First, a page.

The Most Serene Republic : Live in 2008

<span class="Apple-style-span"><img src="" alt=" " />Canada’s intricate The Most Serene Republic played to “the <u>best</u> New York City crowd we’ve ever had” in their return to Mercury Lounge.</span>...

The band’s epic, orchestral sound, rooted in music theory and classical styles, might not seem like the right fit for a late, drunken Friday night in the Big Apple, with it’s ‘too cool for school’ hipster crowds.  Throw a sell-out more thanks to an earlier act, and the signs didn’t augur well from the Milton, Ontario seven-piece.  But, like guitarist/singer Emma Ditchburn’s self-done haircut, the results far exceeded any expectations.

The Most Serene Republic opened with two pieces off their somewhat cursed 2006 EP, Phages.  The strange, disconcerting rhythm of “You’re Not an Astronaut” gave the set a speedy tempo, but singer Adrian Jewett’s reverbed vocals played atmospheric.  An uncompromising act, M.S.R. are not afraid to start things off by challenging the audience.  However, as Phages was the “ghost step” between their 2005 debut full-length, Underwater Cinematographer, and last year’s Population (QRO review), in a way, it actually serves quite well as an introduction to both albums’ sounds.  “Astronaut” may be a little art-rock even for that – better was the following “Anhoi Polloi”; despite their titles, it is actually “Anhoi” that is the more accessible one, with a higher melody, well-placed duetting vocals from Jewett and Ditchburn, and giving Jewett more time for stage antics.

The catchy-yet-evocative “Sherry and Her Butterfly Net” turned the accessibility up another notch, as the band turned to Population, but the band turned things on its head by jumping back with “Phages”.  The thirteen beat title track evokes how awkward M.S.R. felt upon entering the music business – yet it managed to both stir things up and calm them down (it’s also great whenever Jewett gets to break out his trombone).  Sandwiching it between perhaps Population’s two most ‘pop’ tracks, “Sherry” and the epic expanse of “The Men Who Live Upstairs”, was ambitious – but this is an ambitious, even audacious group.

After that, Jewett made the top comment about the crowd (“There must be a lack of bloggers in the room…”), but things did slow up a bit with Underwater Cinematographer’s “In Places, Empty Spaces”, while the following “Shopping Cart People”, another scattered-beat Phages piece, got a little anxious.  However, M.S.R. returned to an orchestral expanse with Underwater’s “(Oh) God” and Population’s “Why So Looking Back”, with “Looking” also bringing a level of driving purpose.  Keyboardist/producer Ryan Lenssen’s keys got a higher play on the almost indietronic “Content Was Always My Favorite Colour” from Underwater (which might have inspired the Postal Service comparisons that annoyed Lenssen so much…).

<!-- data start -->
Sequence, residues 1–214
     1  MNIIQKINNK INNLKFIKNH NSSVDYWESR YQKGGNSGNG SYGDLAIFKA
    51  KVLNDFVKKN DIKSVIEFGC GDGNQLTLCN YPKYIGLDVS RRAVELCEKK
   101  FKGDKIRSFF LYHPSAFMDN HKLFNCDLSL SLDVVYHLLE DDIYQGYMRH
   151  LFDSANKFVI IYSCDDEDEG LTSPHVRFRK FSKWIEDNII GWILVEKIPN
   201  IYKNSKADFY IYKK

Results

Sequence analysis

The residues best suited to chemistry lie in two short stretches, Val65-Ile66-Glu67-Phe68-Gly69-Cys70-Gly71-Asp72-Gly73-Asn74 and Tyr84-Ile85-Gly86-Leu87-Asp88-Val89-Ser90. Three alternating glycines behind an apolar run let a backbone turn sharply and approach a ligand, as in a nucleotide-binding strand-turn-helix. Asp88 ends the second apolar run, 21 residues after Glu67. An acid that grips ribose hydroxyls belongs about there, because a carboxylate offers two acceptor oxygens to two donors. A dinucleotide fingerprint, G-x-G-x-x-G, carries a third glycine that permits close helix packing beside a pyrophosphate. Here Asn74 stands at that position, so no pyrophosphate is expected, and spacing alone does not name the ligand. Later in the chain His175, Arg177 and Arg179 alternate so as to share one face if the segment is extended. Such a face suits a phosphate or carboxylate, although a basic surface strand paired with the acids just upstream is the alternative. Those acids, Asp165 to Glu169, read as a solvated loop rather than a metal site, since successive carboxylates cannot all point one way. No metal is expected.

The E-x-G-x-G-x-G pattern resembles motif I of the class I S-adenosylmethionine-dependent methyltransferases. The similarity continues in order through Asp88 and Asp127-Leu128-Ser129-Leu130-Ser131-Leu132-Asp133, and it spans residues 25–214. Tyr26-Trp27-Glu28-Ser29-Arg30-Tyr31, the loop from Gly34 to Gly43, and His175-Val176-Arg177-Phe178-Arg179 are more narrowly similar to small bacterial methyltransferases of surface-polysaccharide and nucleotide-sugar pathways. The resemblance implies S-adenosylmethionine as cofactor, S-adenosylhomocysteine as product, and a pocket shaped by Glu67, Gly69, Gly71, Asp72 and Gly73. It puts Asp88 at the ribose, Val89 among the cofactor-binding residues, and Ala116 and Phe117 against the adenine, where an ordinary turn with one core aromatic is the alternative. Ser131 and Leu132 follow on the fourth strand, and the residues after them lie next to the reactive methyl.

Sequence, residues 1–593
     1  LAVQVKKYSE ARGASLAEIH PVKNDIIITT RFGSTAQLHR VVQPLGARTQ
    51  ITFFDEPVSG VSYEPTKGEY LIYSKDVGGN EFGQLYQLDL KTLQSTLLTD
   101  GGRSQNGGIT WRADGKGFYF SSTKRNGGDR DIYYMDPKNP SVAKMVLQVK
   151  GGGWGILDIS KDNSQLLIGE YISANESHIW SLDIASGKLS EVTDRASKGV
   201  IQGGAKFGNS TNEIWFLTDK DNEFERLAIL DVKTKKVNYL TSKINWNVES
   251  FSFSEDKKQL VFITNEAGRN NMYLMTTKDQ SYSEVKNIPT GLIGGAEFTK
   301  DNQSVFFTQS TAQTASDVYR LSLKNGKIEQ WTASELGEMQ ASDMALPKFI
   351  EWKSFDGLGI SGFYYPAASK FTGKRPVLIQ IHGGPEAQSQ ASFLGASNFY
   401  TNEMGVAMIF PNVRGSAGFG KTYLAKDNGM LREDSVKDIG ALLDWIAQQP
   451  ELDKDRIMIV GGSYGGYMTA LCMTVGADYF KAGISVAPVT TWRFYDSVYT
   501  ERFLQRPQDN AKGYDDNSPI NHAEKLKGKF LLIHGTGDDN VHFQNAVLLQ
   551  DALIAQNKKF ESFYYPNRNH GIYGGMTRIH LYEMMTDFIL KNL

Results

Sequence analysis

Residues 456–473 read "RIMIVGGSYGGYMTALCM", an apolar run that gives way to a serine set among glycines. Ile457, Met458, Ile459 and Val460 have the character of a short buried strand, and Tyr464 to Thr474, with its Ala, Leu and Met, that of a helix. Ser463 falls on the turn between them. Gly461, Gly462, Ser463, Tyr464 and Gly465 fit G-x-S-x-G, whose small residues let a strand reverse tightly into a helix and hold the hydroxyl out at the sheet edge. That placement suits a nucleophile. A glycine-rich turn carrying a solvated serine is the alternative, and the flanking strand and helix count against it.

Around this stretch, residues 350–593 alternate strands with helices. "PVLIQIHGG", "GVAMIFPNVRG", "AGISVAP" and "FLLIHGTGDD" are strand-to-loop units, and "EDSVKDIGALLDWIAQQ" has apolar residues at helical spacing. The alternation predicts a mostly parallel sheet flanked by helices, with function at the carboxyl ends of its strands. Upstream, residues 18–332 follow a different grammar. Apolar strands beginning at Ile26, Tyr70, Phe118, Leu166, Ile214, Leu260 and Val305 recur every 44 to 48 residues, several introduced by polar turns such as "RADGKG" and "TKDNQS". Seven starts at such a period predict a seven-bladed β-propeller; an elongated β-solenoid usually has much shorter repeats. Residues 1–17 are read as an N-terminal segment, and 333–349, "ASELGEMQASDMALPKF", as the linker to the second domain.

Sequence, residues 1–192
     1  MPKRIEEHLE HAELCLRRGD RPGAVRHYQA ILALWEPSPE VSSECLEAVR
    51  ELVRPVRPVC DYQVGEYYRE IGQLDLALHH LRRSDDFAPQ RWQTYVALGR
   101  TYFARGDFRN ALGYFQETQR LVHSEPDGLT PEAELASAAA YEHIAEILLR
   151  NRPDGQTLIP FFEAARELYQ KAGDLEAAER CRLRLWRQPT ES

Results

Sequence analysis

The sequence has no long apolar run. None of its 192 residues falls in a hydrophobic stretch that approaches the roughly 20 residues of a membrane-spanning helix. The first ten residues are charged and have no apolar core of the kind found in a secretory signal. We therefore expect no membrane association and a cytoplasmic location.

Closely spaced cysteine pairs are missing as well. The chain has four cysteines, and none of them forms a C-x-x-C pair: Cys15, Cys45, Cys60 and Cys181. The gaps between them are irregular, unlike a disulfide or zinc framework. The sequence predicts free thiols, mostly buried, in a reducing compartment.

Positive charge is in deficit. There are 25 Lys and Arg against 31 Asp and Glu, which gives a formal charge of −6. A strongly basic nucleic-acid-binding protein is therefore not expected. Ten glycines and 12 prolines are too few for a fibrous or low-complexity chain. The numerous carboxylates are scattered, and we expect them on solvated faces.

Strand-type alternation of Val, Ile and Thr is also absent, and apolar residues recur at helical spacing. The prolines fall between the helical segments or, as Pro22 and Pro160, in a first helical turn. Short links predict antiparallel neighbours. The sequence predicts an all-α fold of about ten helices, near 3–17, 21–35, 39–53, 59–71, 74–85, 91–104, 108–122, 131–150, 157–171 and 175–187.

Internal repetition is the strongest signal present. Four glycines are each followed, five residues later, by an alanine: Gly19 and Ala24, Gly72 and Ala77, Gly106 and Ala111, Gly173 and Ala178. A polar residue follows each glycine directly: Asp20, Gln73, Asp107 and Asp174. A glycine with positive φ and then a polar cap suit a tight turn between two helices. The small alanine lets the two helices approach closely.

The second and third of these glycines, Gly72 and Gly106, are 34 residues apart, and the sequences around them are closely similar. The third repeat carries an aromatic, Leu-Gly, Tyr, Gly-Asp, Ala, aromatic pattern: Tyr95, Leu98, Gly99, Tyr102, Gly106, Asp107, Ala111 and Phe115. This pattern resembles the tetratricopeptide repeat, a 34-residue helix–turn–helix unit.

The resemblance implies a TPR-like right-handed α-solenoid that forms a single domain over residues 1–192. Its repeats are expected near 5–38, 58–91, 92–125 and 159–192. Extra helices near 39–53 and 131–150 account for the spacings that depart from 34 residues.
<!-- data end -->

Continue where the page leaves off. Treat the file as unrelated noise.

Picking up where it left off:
The Most Serene Republic playing “Why So Looking Back” live at Mercury Lounge, New York, NY:

Also see them playing “Shopping Cart People”

The back-to-back Population tracks of “Compliance” and “Career In Shaping Clay” returned to the frenetic action, though Underwater’s “Proposition 61” did slow things down a little too starkly.  But the band brought things to a crashing crescendo with the overwhelming “Present of Future End”, which nicely drew upon all their varied styles and influences to create kind of ‘The National Anthem of The Most Serene Republic’.

The Most Serene Republic playing “Career In Shaping Clay” live at Mercury Lounge, New York, NY:

Before M.S.R. and fellow Canadians Miracle Fortress (QRO photos) came New Zealand’s Liam Finn (QRO photos), who packed Mercury Lounge (QRO venue review) with his looped rock ‘n’ roll (QRO album review), selling out the night and threatening to limit the number of M.S.R. fans who were able to make it.  But the crowd was still healthy past midnight, when the Republic took the stage.  More importantly, these were fans, dancing, shouting, and generally having a gay ol’ time.  And with the right audience, The Most Serene Republic kinda can’t be beat.

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